Is House Hacking is creating a bubble?

2 Replies

Is it just me or has the concept of house hacking gotten a little of out control? I find that areas in my desired markets zoned for 2-4 flats are being driven up by first-time home buyers looking to be saavy and "house hack".

I love the idea, definitely a fan of the theory!! In my mind, a house hack should create a very low ($500 or less) monthly housing expense or eliminate your housing costs all together. I see many posts and folks in REIA groups buying small 2-4 unit properties at a higher per unit cost than a SFH. Or their share of the mortgage/expenses (w/ 100% occupancy) is higher or equal to market rents.

Evictions can happen with a house hack and i think a see a bubble. also, a true "hack" is living at the same level you wish but paying much less. Always felt the "nomad" method/live-in to rental was better for starting off and scaling. 

Meh. With interest rates artificially low demand for real estate rises and with more people getting priced out of single families more of them opt for small multi-families. 

When interest rates increase demand eventually declines, but we're still in the fear of missing out stage. Fundamentally though the price increases are driven largely by inventory shortage, not risky mortgage lending practices so there's no reason to expect that the next credit crisis will stem from the housing market though it will no doubt be affected. 

Originally posted by @Ibn Abney :

Is it just me or has the concept of house hacking gotten a little of out control? I find that areas in my desired markets zoned for 2-4 flats are being driven up by first-time home buyers looking to be saavy and "house hack".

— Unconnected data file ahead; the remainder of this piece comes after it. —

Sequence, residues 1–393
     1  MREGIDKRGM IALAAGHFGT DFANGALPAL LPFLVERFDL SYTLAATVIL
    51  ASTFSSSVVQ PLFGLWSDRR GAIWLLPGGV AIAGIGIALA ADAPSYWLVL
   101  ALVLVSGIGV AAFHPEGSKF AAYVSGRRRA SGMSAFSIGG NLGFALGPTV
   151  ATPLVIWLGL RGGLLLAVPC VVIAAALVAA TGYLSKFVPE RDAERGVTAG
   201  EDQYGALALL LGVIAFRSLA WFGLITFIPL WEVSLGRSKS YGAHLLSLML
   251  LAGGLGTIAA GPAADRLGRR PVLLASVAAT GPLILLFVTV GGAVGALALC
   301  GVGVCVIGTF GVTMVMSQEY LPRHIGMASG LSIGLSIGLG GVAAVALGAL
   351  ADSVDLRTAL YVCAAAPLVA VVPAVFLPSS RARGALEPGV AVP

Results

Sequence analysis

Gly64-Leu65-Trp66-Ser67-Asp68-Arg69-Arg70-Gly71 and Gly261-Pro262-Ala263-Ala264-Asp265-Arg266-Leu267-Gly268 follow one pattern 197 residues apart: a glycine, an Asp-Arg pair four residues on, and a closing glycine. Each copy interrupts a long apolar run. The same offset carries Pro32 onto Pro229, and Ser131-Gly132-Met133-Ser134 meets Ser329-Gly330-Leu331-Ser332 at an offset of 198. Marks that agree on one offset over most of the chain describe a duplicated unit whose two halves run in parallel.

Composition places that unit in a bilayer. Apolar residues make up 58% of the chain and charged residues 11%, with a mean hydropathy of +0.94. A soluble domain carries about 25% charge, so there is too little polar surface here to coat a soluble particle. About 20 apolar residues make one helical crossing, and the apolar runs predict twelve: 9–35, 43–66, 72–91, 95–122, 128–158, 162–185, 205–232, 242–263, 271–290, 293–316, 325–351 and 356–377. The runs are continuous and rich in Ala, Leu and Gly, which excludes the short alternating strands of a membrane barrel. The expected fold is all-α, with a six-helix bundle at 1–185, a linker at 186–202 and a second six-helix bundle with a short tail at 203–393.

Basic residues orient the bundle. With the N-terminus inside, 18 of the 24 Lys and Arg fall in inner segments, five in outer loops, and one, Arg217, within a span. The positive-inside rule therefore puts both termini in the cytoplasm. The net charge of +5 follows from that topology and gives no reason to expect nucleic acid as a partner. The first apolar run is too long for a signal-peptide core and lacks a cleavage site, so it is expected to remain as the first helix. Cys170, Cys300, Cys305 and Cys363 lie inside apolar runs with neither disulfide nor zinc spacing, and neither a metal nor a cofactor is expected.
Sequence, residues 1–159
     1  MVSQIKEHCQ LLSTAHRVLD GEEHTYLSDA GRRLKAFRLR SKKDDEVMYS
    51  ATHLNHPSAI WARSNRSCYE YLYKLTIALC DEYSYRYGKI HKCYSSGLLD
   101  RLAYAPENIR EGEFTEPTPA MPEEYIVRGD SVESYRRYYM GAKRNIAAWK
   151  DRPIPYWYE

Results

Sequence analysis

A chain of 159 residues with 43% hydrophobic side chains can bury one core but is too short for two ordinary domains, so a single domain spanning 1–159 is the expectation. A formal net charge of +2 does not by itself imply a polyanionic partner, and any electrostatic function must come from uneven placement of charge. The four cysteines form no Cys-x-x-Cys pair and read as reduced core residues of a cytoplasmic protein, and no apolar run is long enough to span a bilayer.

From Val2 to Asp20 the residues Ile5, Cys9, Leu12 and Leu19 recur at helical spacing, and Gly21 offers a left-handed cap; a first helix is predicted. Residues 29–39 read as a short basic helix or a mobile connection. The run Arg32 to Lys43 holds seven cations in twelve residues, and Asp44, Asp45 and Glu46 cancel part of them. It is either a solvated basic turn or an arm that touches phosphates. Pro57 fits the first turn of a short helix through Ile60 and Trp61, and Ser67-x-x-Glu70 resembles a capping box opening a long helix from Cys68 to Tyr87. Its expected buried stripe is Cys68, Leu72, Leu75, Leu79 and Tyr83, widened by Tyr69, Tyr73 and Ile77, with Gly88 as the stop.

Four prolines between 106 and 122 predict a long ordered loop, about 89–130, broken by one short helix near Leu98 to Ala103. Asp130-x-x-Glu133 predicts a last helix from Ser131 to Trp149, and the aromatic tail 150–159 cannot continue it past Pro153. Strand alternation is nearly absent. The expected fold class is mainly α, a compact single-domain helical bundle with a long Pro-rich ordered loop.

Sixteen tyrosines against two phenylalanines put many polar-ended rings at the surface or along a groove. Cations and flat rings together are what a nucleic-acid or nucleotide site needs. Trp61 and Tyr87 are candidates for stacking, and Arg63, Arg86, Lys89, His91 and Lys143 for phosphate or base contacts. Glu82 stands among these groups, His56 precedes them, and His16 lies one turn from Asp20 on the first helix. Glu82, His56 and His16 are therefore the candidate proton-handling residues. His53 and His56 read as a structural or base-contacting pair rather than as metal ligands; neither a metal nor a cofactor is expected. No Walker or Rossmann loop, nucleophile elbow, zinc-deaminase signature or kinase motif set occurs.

I love the idea, definitely a fan of the theory!! In my mind, a house hack should create a very low ($500 or less) monthly housing expense or eliminate your housing costs all together. I see many posts and folks in REIA groups buying small 2-4 unit properties at a higher per unit cost than a SFH. Or their share of the mortgage/expenses (w/ 100% occupancy) is higher or equal to market rents.

Evictions can happen with a house hack and i think a see a bubble. also, a true "hack" is living at the same level you wish but paying much less. Always felt the "nomad" method/live-in to rental was better for starting off and scaling. 

From what crosses my desk, I'd say that buyers sometimes get a better deal on a large SFR that's easily converted to multiple units. Better interest rate and stuff, too.

This is zoned, was priced, sold, financed, advertised on MLS (meaning you wouldn't see it if you limited your search to multifam), etc, as a single family home (old pic from google street view, I blacked out the single street address)... we had to do some property specific stuff prior to the appraisal.

Note the front doors, and what the window down below implies too.

People dropping $200k on ADUs aren't subsequently selling those homes for $200k more. Those are also financed as SFRs. People don't generally build ADUs unless they intend to be there for a while, so the ones listed are often divorce cases.

Back to OP question, I don't think there's a bubble. 2-4 unit properties in my area are appreciating slower than SFRs (you think the 1% rule is tough to find in a Bay Area triplex, try to find it on a SFR!). The market is still overwhelmingly dominated by husband/wife/kids families buying homes to live in, and they don't want to share walls. The husband maybe read Rich Dad Poor Dad and wants a multifam, but wife wants to nest and have space... wife usually wins. So they buy an SFR, and this demand is what drives values.

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